The Neuralgias: Diagnosis and Management

Abstract

The neuralgias are characterized by pain in the distribution of a cranial or cervical nerve. While most often brief, severe, and paroxysmal, continuous neuropathic pain may occur. The most commonly encountered entities include trigeminal, postherpetic, glossopharyngeal, and occipital neuralgia. More unusual cranial neuralgias may occur in periorbital (eg, supraorbital neuralgia) and auricular (eg, nervus intermedius neuralgia) distributions. These disorders may be mimicked by structural and inflammatory/infectious neurologic disease, along with other primary headache disorders (eg, primary stabbing headache). The approach to diagnosis and treatment of this group of headache disorders is reviewed.

This is a preview of subscription content, access via your institution.

Fig. 1

References

Papers of particular interest, published recently, have been highlighted as: • Of importance

  1. 1.

    Smith JH, Cutrer FM. Numbness matters: a clinical review of trigeminal neuropathy. Cephalalgia. 2011;31:1131–44.

    PubMed  Article  Google Scholar 

  2. 2.•

    Headache Classification Committee of the International Headache Society. The international classification of headache disorders, 3rd edition (beta version). Cephalalgia. 2013;33:629–808. Recent revision of the ICHD-2 2004 headache diagnostic criteria.

    Article  Google Scholar 

  3. 3.

    Classification of chronic pain. Descriptions of chronic pain syndromes and definitions of pain terms. Prepared by the International Association for the Study of Pain. Subcommittee on Taxonomy. Pain Suppl. 1986;3:S1–226.

  4. 4.

    De Simone R, Ranieri A, Bilo L, et al. Cranial neuralgias: from physiopathology to pharmacological treatment. Neurol Sci. 2008;29 Suppl 1:S69–78.

    PubMed  Article  Google Scholar 

  5. 5.

    Love S, Coakham HB. Trigeminal neuralgia: pathology and pathogenesis. Brain. 2001;124(Pt 12):2347–60.

    CAS  PubMed  Article  Google Scholar 

  6. 6.

    Manzoni GC, Torelli P. Epidemiology of typical and atypical craniofacial neuralgias. Neurol Sci. 2005;26 Suppl 2:s65–7.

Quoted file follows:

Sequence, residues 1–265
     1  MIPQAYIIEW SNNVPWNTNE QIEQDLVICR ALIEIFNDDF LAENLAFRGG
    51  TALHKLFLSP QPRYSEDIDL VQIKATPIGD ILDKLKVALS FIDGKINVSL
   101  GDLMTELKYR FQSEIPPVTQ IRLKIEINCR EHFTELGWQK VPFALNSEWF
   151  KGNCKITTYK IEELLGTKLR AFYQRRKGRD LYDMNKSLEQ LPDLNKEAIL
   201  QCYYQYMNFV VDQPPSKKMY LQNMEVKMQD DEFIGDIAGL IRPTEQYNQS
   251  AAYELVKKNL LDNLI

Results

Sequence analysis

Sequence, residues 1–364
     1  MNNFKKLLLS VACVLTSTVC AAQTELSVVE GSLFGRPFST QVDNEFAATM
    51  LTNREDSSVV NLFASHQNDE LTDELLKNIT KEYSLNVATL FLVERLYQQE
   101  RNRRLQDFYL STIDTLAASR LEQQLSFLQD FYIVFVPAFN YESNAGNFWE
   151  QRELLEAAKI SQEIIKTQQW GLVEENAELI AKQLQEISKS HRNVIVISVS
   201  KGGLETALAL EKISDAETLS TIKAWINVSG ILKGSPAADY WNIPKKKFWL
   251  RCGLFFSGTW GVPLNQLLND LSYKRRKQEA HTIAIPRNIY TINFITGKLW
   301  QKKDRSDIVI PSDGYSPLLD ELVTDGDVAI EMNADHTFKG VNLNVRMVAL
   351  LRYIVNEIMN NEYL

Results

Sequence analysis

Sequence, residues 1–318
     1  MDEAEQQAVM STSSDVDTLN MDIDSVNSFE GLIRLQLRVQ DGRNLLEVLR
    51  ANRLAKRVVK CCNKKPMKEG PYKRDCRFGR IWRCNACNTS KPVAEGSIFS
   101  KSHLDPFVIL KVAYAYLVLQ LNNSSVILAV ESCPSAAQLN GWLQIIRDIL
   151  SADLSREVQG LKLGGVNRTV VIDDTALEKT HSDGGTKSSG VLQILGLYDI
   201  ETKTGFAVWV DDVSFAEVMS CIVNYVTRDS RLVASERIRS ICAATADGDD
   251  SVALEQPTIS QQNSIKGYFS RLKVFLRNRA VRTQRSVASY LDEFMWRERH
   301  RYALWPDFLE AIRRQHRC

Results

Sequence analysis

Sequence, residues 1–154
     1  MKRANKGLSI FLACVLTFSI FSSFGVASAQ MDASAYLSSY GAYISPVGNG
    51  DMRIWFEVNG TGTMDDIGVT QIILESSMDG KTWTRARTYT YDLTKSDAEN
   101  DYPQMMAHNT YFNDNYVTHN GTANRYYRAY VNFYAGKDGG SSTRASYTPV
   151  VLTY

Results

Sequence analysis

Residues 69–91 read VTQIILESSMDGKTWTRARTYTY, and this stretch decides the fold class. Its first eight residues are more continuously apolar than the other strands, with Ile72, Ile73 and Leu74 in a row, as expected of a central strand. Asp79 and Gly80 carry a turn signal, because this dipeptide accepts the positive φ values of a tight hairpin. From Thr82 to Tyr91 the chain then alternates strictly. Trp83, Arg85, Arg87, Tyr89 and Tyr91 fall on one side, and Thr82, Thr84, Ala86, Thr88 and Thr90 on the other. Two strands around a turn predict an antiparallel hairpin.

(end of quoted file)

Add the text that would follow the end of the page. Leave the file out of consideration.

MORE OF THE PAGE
PubMed  Article  Google Scholar 

  7. 7.

    Katusic S, Beard CM, Bergstrahl E, et al. Incidence and clinical features of trigeminal neuralgia, Rochester, Minnesota, 1945-1984. Ann Neurol. 1990;27:89–95.

    CAS  PubMed  Article  Google Scholar 

  8. 8.

    Watson CP. Postherpetic neuralgia. Neurol Clin. 1989;7:231–48.

    CAS  PubMed  Google Scholar 

  9. 9.

    Katusic S, Williams DB, Beard CM, et al. Incidence and clinical features of glossopharyngeal neuralgia, Rochester, Minnesota, 1945-1984. Neuroepidemiology. 1991;10:266–75.

    CAS  PubMed  Article  Google Scholar 

  10. 10.

    Koopman JS, Dieleman JP, Huygen FJ, et al. Incidence of facial pain in the general population. Pain. 2009;147:122–7.

    PubMed  Article  Google Scholar 

  11. 11.

    Gronseth G, Cruccu G, Alksne J, et al. Practice parameter: the diagnostic evaluation and treatment of trigeminal neuralgia (an evidence-based review): report of the Quality Standards Subcommittee of the American Academy of Neurology and the European Federation of Neurological Societies. Neurology. 2008;71:1183–90.

    CAS  PubMed  Article  Google Scholar 

  12. 12.

    Bahgat D, Ray DK, Raslan AM, et al. Trigeminal neuralgia in young adults. J Neurosurg. 2011;114:1306–11.

  13. 13.

    Pollack IF, Jannetta PJ, Bissonette DJ. Bilateral trigeminal neuralgia: a 14-year experience with microvascular decompression. J Neurosurg. 1988;68:559–65.

    CAS  PubMed  Article  Google Scholar 

  14. 14.

    Rozen TD, Capobianco DJ, Dalessio DJ. Cranial neuralgias and other causes of facial pain. In: Silberstein SD, Lipton RB, Dodick DW, editors. Wolff's Headache and other head pain. New York: Oxford University Press; 2008. p. 633–50.

  15. 15.

    Fromm GH, Graff-Radford SB, Terrence CF, et al. Pre-trigeminal neuralgia. Neurology. 1990;40:1493–5.

  16. 16.

    Rushton JG, Macdonald HN. Trigeminal neuralgia: special considerations of nonsurgical treatment. J Am Med Assoc. 1957;165:437–40.

    CAS  PubMed  Article  Google Scholar 

  17. 17.

    Zhang J, Yang M, Zhou M, et al. Non-antiepileptic drugs for trigeminal neuralgia. Cochrane Database Syst Rev. 2013;12, CD004029.

  18. 18.

    Lechin F, van der Dijs B, Lechin ME, et al. Pimozide therapy for trigeminal neuralgia. Arch Neurol. 1989;46:960–3.